The restoration game is not for everyone. Sometimes people get excited and think a project is going to cost a couple of bucks and their bike will be worth a million dollars, but please note everything (seriously, everything) comes at a cost. New parts, second hand parts, paints, preparation equipment, tools, beers, phone calls, petrol money, and time, all very quickly adds up.
I always say that if you have a complete vintage bike, at the very least, remove, clean, regrease, refit, and put new tubes and tyres on. It’s a recommendation I have if someone comes in that doesn’t want to break the bank but will very easily give any bike, another 5-10 years on its already 40+ chapters of life.
Sean came through with a couple of builds, and had a other things in mind.
Whilst the below ‘girls’ frame Malvern Star saw the remove refit treatment, a new bottom end among a couple of other bits and some new tyres, its allure lies in its incredibly cool (clean) patina and short wheel base. The paint work neat, the chrome still very shiny where not pitted, and the seat although aged, not cracked. A few bucks in, and this bike will easily see another 10 years, with 90% of it in its original form.
The silver work on the badge, fork cap, and seat tube sticker are the real winners on this ride man, look how shiny those bits have come up.
BSA or Birmingham Small Arms company is an English company that built nearly everything made of metal, from guns, cars, planes, and bicycles. Once being the worlds largest motorcycle manufacturer. This BSA 22″ wheeled bike really had me going. BSA of motorcycle. Meanwhile, Sean’s burnt orange, BSA emblazoned bike was going to get a modern day Mex inspired rat overhaul. Tyres from England to accommodate the original wheels and all, a bunch of new twisted accessories, custom front end and a banana seat setup transforming the bike, but not entirely.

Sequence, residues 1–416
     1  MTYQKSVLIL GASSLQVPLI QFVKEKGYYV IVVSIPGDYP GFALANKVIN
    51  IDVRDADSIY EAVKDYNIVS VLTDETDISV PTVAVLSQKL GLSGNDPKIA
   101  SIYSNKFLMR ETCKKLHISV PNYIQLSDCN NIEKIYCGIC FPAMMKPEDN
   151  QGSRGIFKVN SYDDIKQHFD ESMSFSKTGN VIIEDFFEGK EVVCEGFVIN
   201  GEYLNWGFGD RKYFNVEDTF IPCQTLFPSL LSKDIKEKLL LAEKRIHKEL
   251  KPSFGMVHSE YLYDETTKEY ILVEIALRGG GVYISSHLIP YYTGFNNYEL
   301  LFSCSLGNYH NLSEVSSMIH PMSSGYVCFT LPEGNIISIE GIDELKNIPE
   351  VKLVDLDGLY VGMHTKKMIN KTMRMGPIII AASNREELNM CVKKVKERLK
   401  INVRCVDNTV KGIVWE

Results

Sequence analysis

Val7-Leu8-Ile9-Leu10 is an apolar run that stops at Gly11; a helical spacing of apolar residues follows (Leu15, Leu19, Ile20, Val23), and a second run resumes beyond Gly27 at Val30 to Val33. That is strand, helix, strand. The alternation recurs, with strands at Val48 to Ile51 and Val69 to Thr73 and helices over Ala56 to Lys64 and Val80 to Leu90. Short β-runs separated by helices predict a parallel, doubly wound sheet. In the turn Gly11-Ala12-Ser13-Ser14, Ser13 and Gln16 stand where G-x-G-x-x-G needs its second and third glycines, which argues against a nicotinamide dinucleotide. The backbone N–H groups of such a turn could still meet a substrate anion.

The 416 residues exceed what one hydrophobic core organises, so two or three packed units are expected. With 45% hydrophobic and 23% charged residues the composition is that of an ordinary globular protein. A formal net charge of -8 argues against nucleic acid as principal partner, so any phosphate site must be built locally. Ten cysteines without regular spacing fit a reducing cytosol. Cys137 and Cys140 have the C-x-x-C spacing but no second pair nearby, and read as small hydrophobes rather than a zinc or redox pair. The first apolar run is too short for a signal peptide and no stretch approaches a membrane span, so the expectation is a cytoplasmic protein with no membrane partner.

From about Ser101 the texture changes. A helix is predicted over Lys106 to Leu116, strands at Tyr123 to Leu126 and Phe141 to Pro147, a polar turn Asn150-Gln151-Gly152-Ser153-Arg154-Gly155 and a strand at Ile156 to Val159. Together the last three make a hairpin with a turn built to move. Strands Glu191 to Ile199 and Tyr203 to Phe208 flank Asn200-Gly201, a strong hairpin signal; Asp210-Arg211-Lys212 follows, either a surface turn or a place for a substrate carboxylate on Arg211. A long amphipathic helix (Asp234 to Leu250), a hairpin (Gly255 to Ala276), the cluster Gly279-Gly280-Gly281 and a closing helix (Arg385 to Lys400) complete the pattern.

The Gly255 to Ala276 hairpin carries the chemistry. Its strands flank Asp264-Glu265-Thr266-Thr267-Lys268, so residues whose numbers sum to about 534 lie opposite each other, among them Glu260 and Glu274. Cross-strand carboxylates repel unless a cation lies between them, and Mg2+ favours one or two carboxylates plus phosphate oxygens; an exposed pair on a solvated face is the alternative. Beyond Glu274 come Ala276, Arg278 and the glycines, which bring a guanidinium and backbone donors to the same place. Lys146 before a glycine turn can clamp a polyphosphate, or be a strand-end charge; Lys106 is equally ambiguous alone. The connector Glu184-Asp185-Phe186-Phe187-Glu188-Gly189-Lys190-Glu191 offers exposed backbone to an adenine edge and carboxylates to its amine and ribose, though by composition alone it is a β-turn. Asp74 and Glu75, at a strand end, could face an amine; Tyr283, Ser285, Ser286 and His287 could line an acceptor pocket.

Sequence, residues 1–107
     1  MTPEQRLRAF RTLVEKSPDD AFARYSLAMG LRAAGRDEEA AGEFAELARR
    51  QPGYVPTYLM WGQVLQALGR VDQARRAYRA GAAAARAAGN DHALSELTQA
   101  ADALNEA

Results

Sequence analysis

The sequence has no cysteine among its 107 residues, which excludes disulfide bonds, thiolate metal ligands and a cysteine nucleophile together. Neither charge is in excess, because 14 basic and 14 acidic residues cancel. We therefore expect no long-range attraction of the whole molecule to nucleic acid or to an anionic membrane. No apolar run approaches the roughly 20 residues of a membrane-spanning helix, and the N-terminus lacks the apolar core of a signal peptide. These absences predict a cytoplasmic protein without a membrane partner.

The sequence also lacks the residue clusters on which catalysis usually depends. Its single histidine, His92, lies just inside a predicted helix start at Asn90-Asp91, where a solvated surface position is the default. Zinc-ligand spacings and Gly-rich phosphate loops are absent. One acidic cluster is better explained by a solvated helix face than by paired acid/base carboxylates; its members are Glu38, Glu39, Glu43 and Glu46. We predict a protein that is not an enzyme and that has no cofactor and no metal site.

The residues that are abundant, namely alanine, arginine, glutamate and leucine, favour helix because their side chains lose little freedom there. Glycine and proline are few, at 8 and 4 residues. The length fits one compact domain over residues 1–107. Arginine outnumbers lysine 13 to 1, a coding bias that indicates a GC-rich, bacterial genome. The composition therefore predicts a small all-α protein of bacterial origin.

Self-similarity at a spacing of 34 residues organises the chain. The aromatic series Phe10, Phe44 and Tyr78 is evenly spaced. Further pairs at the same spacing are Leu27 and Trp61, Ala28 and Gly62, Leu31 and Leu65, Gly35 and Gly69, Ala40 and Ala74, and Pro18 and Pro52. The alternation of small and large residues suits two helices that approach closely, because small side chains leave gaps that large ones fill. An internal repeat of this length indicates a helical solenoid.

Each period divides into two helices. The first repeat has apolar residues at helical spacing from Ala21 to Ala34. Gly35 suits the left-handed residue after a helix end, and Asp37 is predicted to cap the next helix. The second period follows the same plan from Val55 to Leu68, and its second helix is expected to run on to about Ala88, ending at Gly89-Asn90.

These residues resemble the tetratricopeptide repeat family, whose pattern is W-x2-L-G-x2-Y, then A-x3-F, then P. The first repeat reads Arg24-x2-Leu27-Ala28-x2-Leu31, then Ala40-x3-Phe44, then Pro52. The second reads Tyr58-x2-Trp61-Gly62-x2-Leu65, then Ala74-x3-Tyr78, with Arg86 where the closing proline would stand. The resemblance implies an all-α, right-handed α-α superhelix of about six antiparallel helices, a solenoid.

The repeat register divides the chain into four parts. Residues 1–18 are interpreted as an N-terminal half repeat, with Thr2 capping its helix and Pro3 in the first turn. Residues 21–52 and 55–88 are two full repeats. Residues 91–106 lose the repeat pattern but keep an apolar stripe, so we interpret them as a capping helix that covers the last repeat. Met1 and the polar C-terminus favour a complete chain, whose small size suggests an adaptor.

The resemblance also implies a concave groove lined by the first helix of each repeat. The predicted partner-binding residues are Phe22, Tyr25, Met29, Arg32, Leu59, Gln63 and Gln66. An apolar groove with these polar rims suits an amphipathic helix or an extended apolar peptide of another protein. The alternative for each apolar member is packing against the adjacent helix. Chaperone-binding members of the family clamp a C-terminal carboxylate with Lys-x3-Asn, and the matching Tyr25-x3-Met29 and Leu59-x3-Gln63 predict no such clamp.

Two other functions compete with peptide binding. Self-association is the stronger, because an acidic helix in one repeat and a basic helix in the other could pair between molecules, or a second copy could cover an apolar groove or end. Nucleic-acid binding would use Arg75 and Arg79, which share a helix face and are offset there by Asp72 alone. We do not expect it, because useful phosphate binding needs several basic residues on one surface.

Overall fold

The English frame had an incredibly long head tube, from memory around 28cm. An extended steering tube lengthened up quite a bit, bent spring ring, some washers and clever thinking.
The paint work original, stickers original, and all still very rich in colour.
The three speed was one of the most responsive and enjoyable rides I’ve taken in a long time. The thumb shifted internal hub, and 2″ extra inches of wheel diameter made a massive different to ride comfort.
And to finish it off, small personal touches like the leather tool bag and coca cola cap dyno light (not pictured). The soul of the bike still very well intact, with new parts and some character. England vs the USA built in Aus. A great, daily rideable build. Hats off mate.